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MPAA to Senate: Plug the Analog Hole! 734

Posted by jamie
from the op-amp dept.
A month ago, the MPAA filed its report [PDF] with the Senate Judiciary Committee on the terrors of analog copying. I quote: "in order to help plug the hole, watermark detectors would be required in" -- are you sitting down? -- "all devices that perform analog to digital conversions." At their page Protecting Creative Works in a Digital Age, the Senate lays out the issues they'll be looking at, including briefs from corporate groups, and provides a comment form so your opinion can be heard as well. As Cory Doctorow writes: "this is a much more sweeping (and less visible) power-grab than the Hollings Bill, and it's going forward virtually unopposed. ...the Broadcast Protection Discussion Group is bare weeks away from turning over a veto on new technologies to Hollywood." Doctorow's article on the "analog hole" for the EFF does a great job of explaining the issues to non-electrical-engineers, and has many thought-provoking examples of how requiring such technology would be a giant step backwards.
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MPAA to Senate: Plug the Analog Hole!

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  • They just don't stop, they just don't listen, and they NEVER LEARN. I contact my congressman over this stuff every time, and I will continue to do so.
  • by purpledinoz (573045) on Friday May 24, 2002 @09:36AM (#3578476)
    There's no way the MPAA can succeed in this. All analog-to-digital conversion equipement?? I remember using a really simple A to D converter in one of my courses in University. I bet that chip costed a buck or two. Putting anti-piracy measures in it will increase the cost significantly, and for a really simple A to D converter? That's just ridiculous! Who are these morons coming up with this crap? This won't fly... no matter how dysfunctional these law-makers are.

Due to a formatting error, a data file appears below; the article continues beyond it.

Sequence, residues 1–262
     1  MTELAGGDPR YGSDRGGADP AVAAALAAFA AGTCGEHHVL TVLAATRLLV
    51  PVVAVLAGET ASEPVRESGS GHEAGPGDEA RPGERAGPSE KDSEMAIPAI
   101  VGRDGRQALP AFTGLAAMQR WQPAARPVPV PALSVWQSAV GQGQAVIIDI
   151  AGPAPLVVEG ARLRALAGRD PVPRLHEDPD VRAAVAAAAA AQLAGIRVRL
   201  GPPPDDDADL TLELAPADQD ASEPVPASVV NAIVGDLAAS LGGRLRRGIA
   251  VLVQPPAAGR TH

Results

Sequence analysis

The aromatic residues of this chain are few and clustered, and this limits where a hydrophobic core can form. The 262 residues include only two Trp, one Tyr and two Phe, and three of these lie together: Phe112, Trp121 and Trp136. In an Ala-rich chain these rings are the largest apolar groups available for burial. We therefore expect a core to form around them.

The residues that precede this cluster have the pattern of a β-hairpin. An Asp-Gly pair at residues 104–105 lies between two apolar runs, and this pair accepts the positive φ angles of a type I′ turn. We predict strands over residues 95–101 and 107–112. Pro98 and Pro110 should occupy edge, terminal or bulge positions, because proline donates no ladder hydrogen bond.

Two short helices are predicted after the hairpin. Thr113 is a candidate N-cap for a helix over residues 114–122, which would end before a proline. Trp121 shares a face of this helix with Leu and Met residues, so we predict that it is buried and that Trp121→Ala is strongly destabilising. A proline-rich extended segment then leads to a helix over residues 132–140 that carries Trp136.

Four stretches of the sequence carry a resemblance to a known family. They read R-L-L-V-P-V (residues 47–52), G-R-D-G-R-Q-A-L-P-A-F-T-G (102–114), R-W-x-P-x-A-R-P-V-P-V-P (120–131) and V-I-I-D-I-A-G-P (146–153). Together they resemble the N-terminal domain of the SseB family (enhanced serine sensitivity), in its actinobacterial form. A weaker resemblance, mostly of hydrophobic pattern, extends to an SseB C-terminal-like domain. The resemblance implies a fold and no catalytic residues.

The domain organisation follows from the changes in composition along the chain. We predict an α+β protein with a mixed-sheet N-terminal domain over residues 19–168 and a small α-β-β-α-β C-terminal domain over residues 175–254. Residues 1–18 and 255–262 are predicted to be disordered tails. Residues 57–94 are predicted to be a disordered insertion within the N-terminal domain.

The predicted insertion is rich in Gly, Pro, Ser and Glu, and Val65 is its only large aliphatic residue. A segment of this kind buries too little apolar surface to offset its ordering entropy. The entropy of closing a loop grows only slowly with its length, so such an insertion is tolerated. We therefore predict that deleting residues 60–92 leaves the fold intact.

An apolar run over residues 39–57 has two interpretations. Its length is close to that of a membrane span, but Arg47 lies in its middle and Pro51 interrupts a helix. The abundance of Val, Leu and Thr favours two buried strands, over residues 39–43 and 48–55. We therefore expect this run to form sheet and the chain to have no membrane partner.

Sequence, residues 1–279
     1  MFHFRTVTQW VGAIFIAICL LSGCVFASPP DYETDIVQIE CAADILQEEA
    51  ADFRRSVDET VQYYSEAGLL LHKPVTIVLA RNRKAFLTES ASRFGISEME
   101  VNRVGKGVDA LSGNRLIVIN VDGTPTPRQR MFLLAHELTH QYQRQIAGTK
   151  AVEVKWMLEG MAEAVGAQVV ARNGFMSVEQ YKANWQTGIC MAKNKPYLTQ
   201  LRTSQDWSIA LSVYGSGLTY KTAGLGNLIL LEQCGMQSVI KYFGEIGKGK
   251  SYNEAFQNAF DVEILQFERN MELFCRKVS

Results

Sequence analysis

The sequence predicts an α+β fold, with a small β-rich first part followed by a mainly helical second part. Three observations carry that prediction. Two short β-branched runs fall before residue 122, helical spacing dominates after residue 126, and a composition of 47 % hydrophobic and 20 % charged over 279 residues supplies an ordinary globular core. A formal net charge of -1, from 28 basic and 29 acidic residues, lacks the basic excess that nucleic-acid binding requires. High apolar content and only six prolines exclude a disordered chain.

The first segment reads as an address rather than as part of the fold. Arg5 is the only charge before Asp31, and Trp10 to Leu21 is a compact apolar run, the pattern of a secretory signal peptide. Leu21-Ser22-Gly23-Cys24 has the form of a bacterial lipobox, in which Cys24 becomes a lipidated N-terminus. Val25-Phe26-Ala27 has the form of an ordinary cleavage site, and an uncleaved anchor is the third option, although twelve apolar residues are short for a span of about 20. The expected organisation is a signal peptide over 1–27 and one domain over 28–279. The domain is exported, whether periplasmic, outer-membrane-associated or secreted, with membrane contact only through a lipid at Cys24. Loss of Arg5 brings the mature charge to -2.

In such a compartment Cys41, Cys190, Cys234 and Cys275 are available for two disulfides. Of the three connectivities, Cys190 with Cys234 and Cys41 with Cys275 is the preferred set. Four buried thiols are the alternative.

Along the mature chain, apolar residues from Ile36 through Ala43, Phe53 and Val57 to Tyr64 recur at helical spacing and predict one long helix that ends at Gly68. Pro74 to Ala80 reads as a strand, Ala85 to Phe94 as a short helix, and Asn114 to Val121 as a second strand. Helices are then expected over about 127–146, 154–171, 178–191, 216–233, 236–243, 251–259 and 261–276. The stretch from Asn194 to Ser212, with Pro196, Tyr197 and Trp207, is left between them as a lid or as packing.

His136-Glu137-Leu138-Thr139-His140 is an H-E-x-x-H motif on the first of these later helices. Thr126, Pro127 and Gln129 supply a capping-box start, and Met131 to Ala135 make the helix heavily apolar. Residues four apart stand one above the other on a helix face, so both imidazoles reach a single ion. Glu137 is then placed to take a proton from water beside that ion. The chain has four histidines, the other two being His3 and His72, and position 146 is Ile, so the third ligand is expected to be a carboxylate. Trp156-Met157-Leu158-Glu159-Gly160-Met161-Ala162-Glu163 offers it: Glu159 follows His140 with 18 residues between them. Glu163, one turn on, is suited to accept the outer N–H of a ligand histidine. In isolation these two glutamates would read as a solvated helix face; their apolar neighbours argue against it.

• Ridiculous! (Score:5, Interesting)

    by TheNecromancer (179644) on Friday May 24, 2002 @09:38AM (#3578486)
    Do these idiots realize that this proposed 'policing' of ADC(analog-to-digital converters) would include things like microphones and portable tape players? I'm sure they use these devices during their board meetings and hearings, and probably discuss confidential and/or copyrighted issues. Who's gonna police these?? Also, they will have to stop using their portable tape players to dictate notes for their executive assistants to scribe, since the information they want scribed could also be considered copyright material!

    Bah, I'm getting my old VCR to plug up someone's 'analog' hole!
  • by frankske (570605) <slashdot.frankbruno@be> on Friday May 24, 2002 @09:43AM (#3578518) Homepage
    So does this mean that every decent Electronics course or manual would be outlawd under the DMCA? After all, an ADC without the fingerprinting layer would be a circumvention device!
  • Um, yeah. (Score:4, Interesting)

    by jridley (9305) on Friday May 24, 2002 @09:43AM (#3578523)
    That'd be interesting, considering:
    1. They can't get a watermarking system in place that stays the same for more than 6 months. What're they going to do, make law-abiding users buy a new sound card every time their watermarking system gets cracked?
    2. It costs about $10 to build a 16 bit stereo A-D converter that would plug into a parallel port and can be controlled from a driver that would take all of an hour to write. They're thinking in terms of markets they can control such as CD players (it's pretty hard to make your own CD player). This is not such a market and they don't realize that.

    This is getting amusing. The farther they go with this, the more crazy they sound. At this point it's just a question of whether they'll realize they're trying to dig a hole in water and try to make money off the new phenomenon rather than trying to suppress it, or will they just totally flip off the deep end?
  • Re:Ridiculous! (Score:4, Interesting)

    by arivanov (12034) on Friday May 24, 2002 @09:49AM (#3578562) Homepage